Safety nets in transition economies : a primer
This paper focuses on the experience of the transition countries of Eastern Europe and Central Asia, in providing adequate safety nets for the poor during the last ten years. The paper discusses the problem of poverty, and vulnerability, and looks at the typical types of interventions offered by governments. Moreover, it surveys the evidence on the effectiveness of these programs to reach the poor, in poverty reduction, and other aspects of poverty. The striking results, as in all countries, show how classic targeted safety net policies played a minimal role in reducing poverty; partly, because of the uniqueness of the period - conventional good practice was not applicable. Recently, several countries in the region have improved the coverage of their programs. Low income countries may find that implementing a cash benefit system is too costly, and administratively complex, although it should be noted that Armenia, and Albania have both implemented programs successfully. These countries may try less complex solutions, such as distributing food rations through schools, or school feeding programs. Fee waivers, or subsidies to improve access to social services for the poor, could also be helpful.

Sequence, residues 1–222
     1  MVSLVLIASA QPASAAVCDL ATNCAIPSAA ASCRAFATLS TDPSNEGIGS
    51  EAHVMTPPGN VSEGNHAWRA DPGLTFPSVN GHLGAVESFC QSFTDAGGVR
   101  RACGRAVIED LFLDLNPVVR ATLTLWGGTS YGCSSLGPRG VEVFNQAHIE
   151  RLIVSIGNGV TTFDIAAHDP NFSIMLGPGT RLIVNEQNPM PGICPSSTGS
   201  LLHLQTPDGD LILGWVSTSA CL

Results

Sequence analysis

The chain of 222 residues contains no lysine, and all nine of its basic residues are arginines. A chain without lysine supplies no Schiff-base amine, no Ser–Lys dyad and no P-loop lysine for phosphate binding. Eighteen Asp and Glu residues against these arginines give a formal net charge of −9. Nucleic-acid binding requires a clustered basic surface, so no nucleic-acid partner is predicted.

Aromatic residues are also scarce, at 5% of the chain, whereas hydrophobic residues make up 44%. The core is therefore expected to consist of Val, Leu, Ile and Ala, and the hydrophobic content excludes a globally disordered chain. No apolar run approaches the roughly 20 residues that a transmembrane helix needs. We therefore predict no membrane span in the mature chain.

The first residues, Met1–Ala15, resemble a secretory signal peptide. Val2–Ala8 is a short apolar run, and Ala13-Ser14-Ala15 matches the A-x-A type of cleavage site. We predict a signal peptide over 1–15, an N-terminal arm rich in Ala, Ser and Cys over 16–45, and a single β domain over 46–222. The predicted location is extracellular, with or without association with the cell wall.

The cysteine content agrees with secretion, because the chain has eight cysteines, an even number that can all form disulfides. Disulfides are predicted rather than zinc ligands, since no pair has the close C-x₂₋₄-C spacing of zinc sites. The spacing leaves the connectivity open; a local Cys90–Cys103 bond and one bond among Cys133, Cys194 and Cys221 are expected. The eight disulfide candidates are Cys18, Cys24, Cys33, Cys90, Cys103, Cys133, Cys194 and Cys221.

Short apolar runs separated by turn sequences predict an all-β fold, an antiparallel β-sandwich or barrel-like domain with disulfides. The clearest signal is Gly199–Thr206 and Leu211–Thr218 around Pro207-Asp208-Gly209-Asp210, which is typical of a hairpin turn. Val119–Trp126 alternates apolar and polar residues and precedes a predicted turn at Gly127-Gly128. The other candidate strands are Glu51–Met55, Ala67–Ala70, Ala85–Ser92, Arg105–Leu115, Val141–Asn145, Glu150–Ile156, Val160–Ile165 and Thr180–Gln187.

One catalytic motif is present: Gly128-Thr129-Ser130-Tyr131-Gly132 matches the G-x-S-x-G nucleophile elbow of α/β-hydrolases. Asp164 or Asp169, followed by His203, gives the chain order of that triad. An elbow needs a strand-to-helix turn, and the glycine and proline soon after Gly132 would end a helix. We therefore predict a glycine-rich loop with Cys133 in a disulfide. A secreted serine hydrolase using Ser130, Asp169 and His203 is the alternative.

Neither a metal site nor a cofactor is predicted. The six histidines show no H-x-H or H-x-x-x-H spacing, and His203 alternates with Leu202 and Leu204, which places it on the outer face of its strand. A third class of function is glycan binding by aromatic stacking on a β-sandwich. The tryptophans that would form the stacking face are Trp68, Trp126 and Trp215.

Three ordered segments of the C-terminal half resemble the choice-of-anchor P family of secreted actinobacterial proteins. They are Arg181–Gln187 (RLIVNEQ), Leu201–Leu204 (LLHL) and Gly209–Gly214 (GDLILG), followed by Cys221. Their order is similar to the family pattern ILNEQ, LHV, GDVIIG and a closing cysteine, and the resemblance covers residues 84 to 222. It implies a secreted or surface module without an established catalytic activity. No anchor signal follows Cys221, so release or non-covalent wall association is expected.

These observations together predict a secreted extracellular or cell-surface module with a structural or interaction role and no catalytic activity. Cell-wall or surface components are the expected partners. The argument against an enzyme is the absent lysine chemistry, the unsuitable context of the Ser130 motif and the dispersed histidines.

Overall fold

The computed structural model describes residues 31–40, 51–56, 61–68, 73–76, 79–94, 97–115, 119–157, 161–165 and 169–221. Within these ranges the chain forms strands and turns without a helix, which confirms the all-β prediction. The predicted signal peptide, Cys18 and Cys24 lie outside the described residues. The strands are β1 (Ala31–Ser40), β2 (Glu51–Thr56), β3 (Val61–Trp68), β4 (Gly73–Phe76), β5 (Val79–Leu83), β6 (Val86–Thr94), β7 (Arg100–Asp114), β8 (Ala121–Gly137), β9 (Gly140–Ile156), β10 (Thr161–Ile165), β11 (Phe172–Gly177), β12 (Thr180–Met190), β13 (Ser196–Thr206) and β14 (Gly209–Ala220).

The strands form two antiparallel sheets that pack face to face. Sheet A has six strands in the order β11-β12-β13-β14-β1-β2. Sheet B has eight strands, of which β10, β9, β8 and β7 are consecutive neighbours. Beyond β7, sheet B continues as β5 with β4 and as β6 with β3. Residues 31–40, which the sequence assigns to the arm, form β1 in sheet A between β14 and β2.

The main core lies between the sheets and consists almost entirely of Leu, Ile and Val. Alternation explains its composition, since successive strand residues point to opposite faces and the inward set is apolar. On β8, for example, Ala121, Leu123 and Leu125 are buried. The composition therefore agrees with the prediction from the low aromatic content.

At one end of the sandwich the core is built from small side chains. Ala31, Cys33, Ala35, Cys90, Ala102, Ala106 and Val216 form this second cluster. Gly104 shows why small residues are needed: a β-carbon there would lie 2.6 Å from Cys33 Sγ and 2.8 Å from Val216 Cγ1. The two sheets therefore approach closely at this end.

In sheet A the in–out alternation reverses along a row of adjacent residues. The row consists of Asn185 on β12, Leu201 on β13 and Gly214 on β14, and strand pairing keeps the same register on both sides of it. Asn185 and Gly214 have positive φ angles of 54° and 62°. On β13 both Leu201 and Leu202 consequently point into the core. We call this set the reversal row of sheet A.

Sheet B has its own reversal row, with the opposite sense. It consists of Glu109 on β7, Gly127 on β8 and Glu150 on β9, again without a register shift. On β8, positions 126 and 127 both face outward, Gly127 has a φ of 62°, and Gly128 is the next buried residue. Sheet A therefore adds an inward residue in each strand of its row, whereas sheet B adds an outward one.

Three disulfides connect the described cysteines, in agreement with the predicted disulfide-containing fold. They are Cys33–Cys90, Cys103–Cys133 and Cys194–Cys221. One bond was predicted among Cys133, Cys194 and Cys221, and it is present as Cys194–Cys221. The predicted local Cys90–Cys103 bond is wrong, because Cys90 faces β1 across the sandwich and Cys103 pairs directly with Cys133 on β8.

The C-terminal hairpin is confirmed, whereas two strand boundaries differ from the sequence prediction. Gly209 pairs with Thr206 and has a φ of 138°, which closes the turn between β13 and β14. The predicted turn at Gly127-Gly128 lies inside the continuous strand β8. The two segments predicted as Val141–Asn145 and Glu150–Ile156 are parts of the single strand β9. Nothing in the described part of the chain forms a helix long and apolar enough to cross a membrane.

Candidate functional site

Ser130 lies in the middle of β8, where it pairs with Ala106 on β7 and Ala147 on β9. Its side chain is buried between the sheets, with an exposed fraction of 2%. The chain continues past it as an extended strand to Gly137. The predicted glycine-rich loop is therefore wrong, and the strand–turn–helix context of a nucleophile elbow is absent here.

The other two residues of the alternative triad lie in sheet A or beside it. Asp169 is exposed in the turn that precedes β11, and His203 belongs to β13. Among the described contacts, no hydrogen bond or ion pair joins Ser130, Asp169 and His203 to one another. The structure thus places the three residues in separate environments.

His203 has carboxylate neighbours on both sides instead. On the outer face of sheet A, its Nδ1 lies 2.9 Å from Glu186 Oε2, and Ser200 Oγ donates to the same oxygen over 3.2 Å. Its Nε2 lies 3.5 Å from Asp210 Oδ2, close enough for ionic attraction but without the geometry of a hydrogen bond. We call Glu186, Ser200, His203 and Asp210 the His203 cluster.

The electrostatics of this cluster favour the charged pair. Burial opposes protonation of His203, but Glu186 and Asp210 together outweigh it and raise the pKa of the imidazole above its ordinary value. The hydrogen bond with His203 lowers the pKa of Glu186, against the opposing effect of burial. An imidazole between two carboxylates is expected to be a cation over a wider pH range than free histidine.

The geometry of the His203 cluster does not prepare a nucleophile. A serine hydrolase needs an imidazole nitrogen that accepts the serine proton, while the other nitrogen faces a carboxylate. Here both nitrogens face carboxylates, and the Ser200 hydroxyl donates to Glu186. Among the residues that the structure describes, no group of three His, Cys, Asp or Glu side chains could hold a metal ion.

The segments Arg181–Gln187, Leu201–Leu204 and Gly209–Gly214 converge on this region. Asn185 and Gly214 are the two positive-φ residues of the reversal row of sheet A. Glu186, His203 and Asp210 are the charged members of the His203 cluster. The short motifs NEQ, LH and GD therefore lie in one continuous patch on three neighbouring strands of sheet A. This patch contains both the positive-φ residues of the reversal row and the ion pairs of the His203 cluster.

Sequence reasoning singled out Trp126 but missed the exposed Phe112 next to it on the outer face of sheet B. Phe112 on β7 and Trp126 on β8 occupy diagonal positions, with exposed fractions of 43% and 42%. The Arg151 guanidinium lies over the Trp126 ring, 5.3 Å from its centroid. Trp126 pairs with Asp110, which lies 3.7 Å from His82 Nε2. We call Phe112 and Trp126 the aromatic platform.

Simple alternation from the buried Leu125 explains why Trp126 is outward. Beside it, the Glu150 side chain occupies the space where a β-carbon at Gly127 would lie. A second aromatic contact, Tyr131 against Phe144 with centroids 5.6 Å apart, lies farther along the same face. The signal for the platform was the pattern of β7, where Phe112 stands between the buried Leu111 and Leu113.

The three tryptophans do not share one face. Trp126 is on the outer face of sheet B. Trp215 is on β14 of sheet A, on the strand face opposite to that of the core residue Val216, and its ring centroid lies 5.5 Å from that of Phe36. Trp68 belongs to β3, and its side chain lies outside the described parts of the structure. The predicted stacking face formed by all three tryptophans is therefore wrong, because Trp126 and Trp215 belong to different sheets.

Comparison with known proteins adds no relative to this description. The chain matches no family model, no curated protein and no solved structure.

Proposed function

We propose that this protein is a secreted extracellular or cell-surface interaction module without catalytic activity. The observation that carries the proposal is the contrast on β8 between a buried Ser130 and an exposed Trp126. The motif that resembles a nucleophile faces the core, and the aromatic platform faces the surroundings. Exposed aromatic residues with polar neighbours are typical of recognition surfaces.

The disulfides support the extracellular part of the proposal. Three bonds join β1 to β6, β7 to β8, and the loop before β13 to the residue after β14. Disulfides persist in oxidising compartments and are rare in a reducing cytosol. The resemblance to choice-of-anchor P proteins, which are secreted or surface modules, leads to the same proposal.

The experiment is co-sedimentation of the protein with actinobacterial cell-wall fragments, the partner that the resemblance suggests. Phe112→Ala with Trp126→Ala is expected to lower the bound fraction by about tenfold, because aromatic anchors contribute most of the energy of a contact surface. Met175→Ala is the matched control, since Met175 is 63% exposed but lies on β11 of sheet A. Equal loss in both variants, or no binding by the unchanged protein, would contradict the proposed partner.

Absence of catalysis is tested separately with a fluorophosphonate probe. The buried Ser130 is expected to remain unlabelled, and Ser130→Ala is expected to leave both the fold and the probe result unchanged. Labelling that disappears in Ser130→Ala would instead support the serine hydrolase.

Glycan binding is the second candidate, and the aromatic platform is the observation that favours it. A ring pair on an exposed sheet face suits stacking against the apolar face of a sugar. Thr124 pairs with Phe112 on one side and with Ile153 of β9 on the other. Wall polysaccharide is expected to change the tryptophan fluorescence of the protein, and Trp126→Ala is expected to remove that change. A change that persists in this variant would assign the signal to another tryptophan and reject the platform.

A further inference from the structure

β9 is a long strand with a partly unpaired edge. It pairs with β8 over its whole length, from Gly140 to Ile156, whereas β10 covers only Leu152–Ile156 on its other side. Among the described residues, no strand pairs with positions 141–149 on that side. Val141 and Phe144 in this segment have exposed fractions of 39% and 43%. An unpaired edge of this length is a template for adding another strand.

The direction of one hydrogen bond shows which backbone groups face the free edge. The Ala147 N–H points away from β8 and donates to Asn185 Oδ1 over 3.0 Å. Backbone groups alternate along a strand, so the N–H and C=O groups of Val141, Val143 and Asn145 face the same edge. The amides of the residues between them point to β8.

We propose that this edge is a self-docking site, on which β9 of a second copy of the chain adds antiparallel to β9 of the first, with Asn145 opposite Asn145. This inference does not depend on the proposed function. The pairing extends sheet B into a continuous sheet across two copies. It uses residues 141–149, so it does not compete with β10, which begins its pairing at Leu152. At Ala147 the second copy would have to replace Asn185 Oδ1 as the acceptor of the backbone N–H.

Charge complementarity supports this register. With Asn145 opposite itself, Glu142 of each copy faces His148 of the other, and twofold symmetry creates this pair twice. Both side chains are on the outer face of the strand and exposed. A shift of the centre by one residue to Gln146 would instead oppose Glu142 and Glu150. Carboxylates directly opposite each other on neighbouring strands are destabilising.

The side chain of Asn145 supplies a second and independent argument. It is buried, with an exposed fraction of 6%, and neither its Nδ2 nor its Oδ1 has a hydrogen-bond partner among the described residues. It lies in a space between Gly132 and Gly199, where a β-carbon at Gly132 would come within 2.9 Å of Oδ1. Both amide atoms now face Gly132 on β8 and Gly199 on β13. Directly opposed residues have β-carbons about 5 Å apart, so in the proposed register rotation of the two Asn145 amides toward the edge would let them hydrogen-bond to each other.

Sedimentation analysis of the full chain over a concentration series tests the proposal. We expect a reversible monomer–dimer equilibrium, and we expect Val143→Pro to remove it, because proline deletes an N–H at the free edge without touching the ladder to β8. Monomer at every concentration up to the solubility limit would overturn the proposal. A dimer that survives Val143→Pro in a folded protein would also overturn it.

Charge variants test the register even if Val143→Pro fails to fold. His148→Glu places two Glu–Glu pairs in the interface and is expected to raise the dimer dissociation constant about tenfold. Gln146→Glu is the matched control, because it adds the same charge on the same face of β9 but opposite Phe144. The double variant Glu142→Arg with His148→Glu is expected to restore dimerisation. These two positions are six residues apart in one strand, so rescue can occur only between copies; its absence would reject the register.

|Date of creation:||31 Mar 2003|
|Date of revision:|
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